Separately, a letter, allegedly written by Trump and addressed to Erdogan, dated October 9th was released to the public.

It was later confirmed by the White House that it is, in fact, genuine.

Trump Calls PKK Bigger Threat Than ISIS As Senate Attempts To Block Troops Withdrawal From Syria

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The letter is astounding, as it appears to be perfectly cohesive and presents the style of the current US foreign policy perfectly. Trump wisely warned Erdogan not to be a “tough guy” and not to be a “fool.” He enclosed a letter of SDF commander General Mazloum, which wasn’t released to the public.

The letter is impressive, mostly because it looks like an invite to a birthday party with its simple vocabulary, and abundance of exclamation points. Especially as it concludes with “I will call you later,” as if Trump just wants to clear things out with one of his friends and partake in some gossip.

The US Congress, in turn, voted on a nonbinding resolution that states its opposition to the withdrawal of US Troops from northern Syria.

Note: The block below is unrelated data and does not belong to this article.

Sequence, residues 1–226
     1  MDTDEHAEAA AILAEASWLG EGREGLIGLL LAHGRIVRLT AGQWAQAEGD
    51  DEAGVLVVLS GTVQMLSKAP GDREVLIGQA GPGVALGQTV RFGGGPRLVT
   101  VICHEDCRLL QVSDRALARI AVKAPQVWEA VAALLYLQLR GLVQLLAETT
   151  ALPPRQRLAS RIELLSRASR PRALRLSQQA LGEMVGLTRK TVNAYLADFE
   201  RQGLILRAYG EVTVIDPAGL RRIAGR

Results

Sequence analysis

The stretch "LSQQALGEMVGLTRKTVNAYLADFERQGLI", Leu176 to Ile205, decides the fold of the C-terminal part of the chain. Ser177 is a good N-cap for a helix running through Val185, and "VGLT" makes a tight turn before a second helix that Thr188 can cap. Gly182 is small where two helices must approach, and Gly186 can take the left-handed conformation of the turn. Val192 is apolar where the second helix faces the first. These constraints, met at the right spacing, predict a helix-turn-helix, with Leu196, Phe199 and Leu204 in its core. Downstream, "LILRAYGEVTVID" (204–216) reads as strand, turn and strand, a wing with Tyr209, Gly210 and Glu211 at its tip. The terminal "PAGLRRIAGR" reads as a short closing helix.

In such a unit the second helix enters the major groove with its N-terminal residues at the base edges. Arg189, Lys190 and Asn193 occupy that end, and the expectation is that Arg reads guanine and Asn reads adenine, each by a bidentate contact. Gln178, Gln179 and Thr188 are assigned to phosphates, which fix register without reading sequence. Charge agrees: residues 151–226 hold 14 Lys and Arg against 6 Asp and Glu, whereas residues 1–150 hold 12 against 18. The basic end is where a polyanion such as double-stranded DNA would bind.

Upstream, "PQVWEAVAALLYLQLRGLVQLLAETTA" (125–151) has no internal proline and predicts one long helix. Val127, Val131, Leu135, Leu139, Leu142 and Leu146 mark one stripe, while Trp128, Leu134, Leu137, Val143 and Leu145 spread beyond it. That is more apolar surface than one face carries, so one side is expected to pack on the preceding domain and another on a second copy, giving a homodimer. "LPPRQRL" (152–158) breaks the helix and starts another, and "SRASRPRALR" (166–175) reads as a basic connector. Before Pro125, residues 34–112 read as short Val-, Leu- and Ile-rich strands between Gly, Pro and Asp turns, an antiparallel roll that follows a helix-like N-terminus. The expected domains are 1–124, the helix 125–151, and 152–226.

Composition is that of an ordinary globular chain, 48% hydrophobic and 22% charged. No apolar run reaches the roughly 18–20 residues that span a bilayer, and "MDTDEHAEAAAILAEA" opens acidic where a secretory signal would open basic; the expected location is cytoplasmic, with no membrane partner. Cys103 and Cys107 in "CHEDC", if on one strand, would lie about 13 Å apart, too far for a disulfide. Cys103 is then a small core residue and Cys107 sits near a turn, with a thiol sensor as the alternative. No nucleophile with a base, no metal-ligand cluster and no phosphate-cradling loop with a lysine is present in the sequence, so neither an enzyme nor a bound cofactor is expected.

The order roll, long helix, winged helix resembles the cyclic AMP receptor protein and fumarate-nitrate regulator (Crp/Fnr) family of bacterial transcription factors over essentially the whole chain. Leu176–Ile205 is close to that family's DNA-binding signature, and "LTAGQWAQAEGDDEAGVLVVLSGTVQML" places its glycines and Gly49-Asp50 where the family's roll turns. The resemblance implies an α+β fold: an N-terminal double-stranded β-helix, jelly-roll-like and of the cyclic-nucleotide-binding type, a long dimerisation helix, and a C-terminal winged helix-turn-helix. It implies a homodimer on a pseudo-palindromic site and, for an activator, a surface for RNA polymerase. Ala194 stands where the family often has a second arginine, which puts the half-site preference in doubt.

The resolution says that Turkey should stop its advance and that the White House should present a plan for an “enduring defeat” of ISIS.

Democrats and Republicans approved the nonbinding resolution by 354-60 vote.

It essentially means nothing, since it is nonbinding and the White House doesn’t need to adhere to it.

But it does express the opinion of both parties that the Trump administration’s moves in northern Syria and the enabling of Turkey to carry out their advance is unappreciated.

Senator Lindsey Graham said Trump’s decision will allow ISIS to reemerge and added that the president will “be held accountable.”

He said that the President’s decision “is against all sound military advice” and that he hopes Trump “will reconsider, stop the bloodshed and reset the table before it’s too late.”

Republican Leader Mitch McConnell called the U.S.-Kurd partnership “a terrific alliance” that set the Islamic State group back and said he is “sorry we are where we are.”

Senator Roy Blunt said Turkish President Recep Tayyip Erdogan “has not been a reliable ally. The Kurds have been a reliable ally.”

The congressional vote is unlikely to lead to anything, but still the Republican and Democratic senators are attempting to distance themselves from Trump’s decision.